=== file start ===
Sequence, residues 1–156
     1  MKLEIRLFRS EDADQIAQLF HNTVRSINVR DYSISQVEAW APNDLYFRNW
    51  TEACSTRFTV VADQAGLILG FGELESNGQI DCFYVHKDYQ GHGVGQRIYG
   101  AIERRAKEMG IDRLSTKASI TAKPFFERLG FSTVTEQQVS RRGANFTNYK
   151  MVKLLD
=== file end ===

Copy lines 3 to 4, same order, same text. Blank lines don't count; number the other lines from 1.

    51  TEACSTRFTV VADQAGLILG FGELESNGQI DCFYVHKDYQ GHGVGQRIYG
   101  AIERRAKEMG IDRLSTKASI TAKPFFERLG FSTVTEQQVS RRGANFTNYK